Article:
HomeTechnologyAfter $700 Billion Plunge, Angry Tesla Investors Say Elon Musk Has

After $700 Billion Plunge, Angry Tesla Investors Say Elon Musk Has

As of early 2022, Tesla was ranked as one of the world’s most valuable companies, with a market capitalization of $1.2 trillion. Its CEO, Elon Musk, was the richest person on the planet, with his ownership stake in Tesla giving him a net worth of $300 billion, as well as earning the admiration of many devoted investors.

“Tesla bulls, the rainbow future is here and now,” Leo KoGuan, who describes himself as Tesla’s third-largest individual shareholder, tweeted in January 2022. “Smile on your lucky self.”

As the year draws to a close, some of those investors are questioning their judgment and their commitment to the pioneering electric car company. His disappointment centers on Musk’s $44 billion purchase of Twitter in October, which has consumed the billionaire’s attention and weighed on Tesla shares.

Perhaps most galling to Tesla investors, Musk himself sold nearly $40 billion of his own stake in the company in the past year, according to a Wedbush Securities report, belying his bullish remarks about the carmaker’s prospects. cars.

With Musk selling off billions in Tesla stock and investors questioning his approach, the auto company’s stock has lost more than $700 billion in value. On Wednesday, Musk filed a regulatory filing stating that he had sold an additional 22 million shares of Tesla for about $3.6 billion, a move criticized by investors, who retweeted Musk’s promise in April “[n]or more TSLA sales planned after today.”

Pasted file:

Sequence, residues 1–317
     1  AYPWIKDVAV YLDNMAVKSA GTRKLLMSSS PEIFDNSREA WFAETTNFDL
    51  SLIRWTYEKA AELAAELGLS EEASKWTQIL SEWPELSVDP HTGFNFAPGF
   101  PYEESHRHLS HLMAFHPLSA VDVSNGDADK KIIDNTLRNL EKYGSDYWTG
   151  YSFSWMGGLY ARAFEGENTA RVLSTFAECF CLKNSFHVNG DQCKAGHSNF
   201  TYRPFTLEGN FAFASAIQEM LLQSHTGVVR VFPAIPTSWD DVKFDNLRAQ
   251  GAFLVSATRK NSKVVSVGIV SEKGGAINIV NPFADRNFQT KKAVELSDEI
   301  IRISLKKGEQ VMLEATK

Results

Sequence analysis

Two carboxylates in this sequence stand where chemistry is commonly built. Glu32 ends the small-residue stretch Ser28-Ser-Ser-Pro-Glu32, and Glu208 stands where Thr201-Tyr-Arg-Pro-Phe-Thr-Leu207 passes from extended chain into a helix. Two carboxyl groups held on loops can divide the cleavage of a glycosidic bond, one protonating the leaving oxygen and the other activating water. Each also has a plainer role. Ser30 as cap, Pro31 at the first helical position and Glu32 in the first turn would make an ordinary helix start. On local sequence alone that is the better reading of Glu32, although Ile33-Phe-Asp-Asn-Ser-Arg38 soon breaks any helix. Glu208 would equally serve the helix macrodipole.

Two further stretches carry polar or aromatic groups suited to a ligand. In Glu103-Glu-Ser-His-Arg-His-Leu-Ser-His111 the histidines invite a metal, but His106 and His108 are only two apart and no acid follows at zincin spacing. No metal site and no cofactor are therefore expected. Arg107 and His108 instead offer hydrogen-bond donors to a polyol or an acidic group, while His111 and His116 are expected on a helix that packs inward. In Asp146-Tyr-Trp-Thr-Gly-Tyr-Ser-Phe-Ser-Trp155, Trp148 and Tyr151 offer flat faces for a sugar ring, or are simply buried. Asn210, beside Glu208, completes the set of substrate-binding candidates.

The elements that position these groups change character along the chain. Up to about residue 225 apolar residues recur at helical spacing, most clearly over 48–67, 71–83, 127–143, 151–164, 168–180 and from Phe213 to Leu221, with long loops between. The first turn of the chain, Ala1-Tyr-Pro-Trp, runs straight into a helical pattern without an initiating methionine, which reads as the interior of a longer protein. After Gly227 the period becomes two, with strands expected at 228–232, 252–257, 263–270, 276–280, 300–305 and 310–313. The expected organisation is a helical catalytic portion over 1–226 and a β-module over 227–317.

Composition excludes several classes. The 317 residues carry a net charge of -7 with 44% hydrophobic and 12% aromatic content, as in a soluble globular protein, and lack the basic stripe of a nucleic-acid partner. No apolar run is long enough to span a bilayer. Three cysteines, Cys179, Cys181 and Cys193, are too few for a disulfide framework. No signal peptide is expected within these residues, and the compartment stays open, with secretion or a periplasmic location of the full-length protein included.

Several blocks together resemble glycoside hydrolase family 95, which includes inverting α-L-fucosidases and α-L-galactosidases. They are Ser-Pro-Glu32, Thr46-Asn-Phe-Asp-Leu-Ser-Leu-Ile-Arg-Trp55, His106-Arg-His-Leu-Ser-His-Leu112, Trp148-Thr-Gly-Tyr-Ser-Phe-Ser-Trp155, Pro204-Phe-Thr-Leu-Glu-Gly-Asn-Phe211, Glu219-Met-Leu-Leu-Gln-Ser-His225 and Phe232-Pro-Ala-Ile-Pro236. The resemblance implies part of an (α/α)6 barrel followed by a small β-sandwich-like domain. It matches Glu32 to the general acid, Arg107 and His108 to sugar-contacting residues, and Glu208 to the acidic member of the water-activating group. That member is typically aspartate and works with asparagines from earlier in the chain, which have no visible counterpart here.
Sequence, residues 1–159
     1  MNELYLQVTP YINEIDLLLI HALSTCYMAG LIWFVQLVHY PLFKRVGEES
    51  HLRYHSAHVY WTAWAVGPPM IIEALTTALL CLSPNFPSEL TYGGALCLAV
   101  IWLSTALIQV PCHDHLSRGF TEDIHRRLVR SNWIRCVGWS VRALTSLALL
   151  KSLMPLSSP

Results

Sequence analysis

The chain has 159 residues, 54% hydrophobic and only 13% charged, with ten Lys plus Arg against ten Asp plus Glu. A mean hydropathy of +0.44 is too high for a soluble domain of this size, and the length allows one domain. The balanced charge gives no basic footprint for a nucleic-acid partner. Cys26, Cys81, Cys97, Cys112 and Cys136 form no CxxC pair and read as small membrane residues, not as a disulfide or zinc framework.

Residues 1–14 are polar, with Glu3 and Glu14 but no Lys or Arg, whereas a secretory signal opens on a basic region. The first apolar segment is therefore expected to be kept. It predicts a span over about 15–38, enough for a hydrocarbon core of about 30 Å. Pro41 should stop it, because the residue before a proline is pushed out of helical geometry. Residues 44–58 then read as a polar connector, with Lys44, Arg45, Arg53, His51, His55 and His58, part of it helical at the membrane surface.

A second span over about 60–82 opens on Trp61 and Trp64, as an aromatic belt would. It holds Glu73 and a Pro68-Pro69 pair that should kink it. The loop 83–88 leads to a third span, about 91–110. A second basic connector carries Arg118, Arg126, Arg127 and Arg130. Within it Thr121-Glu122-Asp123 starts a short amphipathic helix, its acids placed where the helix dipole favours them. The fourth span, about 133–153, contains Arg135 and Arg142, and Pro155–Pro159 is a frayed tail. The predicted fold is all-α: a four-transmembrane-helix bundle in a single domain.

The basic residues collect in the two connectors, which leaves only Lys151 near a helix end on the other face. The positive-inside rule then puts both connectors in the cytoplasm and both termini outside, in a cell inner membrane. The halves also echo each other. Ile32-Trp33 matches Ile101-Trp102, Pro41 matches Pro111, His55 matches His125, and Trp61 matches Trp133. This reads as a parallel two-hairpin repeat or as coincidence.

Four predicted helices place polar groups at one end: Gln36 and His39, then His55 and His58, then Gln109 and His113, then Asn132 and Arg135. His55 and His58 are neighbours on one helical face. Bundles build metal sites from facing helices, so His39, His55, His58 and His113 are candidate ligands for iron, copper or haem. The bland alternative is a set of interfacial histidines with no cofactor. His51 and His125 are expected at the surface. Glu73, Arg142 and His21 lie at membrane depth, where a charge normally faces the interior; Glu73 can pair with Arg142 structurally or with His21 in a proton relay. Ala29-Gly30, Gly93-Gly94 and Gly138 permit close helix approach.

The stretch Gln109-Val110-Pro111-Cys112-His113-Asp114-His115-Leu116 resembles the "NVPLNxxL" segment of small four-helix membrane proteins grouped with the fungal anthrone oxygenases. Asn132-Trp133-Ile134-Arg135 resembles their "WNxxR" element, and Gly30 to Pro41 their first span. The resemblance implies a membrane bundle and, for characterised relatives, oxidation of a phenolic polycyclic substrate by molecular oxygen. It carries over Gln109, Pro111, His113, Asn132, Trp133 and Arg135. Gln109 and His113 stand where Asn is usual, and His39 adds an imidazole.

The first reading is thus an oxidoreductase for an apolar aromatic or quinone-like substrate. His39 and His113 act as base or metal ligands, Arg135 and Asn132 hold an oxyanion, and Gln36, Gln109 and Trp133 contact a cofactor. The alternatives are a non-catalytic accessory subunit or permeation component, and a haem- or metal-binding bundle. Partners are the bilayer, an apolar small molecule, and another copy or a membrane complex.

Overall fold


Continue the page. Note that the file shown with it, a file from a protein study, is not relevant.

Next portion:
In fact, some prominent investors now see dark clouds instead of rainbows.

“Elon left Tesla and Tesla does not have an acting CEO,” KoGuan wrote Wednesday on Twitter. “Tesla needs and deserves to have a full-time CEO.”

Investors now feel abandoned by Musk, Dan Ives, an analyst at Wedbush Securities who covers Tesla, told CBS MoneyWatch. “For investors, the clock has struck 12: Frustration has risen enormously and Musk appears to be doubling down, not backing down.”

Tesla did not immediately respond to a request for comment.

Using Tesla “like an ATM”

Before Musk’s purchase of Twitter, the billionaire was heralded as a visionary entrepreneur who could change the world with his innovative companies: Tesla, through its adoption of electric vehicles, and SpaceX, with its goal of sending humans into the world. space.

But another passion of Musk’s, defending free speech, emerged through his surprising Twitter search. Jim Cantrell, a founding member of SpaceX, told CBS News that the billionaire wanted to “stop the ability of nation-states to restrict individual liberties. He has always been a staunch defender of free speech.”

Twitter presented a path for Musk to achieve that goal, as he had been especially critical of the social media company’s content moderation standards. But close that deal It wasn’t cheap, with Ives estimating that Musk’s $44 billion purchase price for Twitter represented a $20 billion overpayment.